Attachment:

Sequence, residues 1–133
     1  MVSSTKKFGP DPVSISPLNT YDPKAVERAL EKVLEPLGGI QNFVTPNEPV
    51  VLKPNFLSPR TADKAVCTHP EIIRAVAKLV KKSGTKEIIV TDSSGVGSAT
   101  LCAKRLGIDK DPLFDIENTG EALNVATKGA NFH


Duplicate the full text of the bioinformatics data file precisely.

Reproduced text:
Sequence, residues 1–133
     1  MVSSTKKFGP DPVSISPLNT YDPKAVERAL EKVLEPLGGI QNFVTPNEPV
    51  VLKPNFLSPR TADKAVCTHP EIIRAVAKLV KKSGTKEIIV TDSSGVGSAT
   101  LCAKRLGIDK DPLFDIENTG EALNVATKGA NFH